COLD WATER CARE OF KOI By Bryan Bateman, AKCA Koi Health Advisor

It is important to understand the effects of water temperature on the ecology of a pond and the physiology of Koi. The purpose of this article is to explain the changes that occur during the cold winter months, and what we can do to minimize the negative effects of these changes.

By now (late November/early December), the temperatures of non-heated ponds in the Chicago area will most likely be in the mid-40s. Let’s first look at what has happened to this point.

When temperatures dropped below 60 degrees F, the Koi’s immune system had already begun to slow down (at 65 deg F, the immune system operates at about 50% efficiency; at 60 degrees it has dropped to about 20% efficiency).
Bacteria, both good and bad, are both still very active. The fish still have healthy appetites, and the filter is operating at near 100% efficiency. Aeromonas bacteria is also quite happy at this temperature, and this is why we are entering what has been called “Aeromonas Alley”.

At 50 degrees, the koi’s immune system is operating at only about 10% efficiency, while aeromonas is still at about 60%.
Some of the warm water parasites have begun to slow down, but the cold-water parasites such as Costia and Chilodinella, are quite content, and can pose a threat to our now low-immune protected koi. Feeding should be almost nil at this point, although the filter is still capable of converting ammonia to nitrites and nitrites to nitrates, so these toxins should not be a problem.

The next magic number is 45 deg F.
This represents the low end of Aeromonas Alley because most bacteria have slowed to less than 20% effectiveness. The koi, because they are cold-water creatures (poikelotherms), have begun to enter a state of torpor, and are most likely no longer interested in food. They will be inactive most of the time, spending their days swimming slowly at the bottom, where the water is warmest (more on this later).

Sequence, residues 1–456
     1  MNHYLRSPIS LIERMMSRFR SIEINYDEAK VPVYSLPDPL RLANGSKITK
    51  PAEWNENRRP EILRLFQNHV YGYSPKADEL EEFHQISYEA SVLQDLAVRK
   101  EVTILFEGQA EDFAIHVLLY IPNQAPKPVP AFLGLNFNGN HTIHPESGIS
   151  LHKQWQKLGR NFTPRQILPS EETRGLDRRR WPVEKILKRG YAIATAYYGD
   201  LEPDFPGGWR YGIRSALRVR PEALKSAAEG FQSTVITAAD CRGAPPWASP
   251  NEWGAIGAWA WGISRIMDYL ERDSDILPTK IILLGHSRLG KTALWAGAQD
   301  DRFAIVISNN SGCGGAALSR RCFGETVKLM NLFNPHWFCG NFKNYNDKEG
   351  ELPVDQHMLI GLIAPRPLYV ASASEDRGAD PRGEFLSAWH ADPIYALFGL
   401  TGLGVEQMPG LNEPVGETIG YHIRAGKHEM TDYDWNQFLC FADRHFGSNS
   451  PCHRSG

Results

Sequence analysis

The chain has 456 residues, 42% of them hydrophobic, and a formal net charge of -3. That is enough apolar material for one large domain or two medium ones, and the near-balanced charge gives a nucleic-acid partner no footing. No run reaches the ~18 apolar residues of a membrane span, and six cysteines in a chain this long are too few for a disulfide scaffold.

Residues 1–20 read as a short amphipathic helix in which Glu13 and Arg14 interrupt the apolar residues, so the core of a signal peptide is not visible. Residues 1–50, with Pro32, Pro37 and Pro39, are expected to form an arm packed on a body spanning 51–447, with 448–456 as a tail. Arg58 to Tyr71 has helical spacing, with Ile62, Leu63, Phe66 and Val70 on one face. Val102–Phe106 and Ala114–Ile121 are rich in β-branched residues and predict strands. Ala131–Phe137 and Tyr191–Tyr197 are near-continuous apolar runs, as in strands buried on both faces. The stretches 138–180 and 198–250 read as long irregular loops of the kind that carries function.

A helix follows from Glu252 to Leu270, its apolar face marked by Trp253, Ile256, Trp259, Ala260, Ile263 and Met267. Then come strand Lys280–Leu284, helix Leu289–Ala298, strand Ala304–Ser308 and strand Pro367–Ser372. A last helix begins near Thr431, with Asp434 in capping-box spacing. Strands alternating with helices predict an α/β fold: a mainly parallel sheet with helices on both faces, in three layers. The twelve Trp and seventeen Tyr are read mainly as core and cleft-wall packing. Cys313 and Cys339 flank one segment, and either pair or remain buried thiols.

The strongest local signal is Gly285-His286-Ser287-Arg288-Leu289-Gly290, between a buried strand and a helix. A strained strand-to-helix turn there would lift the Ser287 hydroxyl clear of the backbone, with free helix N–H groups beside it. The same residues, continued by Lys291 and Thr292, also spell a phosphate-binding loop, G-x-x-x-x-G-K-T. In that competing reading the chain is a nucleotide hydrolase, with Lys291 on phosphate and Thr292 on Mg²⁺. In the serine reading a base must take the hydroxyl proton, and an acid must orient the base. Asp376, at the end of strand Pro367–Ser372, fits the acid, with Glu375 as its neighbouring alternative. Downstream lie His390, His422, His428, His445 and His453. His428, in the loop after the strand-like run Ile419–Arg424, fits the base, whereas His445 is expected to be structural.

At 40 degrees, which is very nearly the coldest temperature a koi can survive in, the filter has ceased to function.
Bacteria, both pathogenic and beneficial, are at or near zero percent effectiveness, as is the koi’s immune system. In short, everything, both ecologically and physiologically, has pretty much shut down.

Cold Water and Ammonia

It is important to understand the effect that cold water has on ammonia.
As many of us already know, ammonia becomes less toxic at lower pH levels. What many of us don’t realize, however, is that it also becomes less toxic at lower temperatures. Mother Nature is being considerate here, because, as was explained above, our filters are no longer capable of converting ammonia below about 45 degrees, but our koi will continue to release ammonia thru their gills all winter long, even though they are not eating. Ammonia levels could become lethal under these conditions if this were not the case!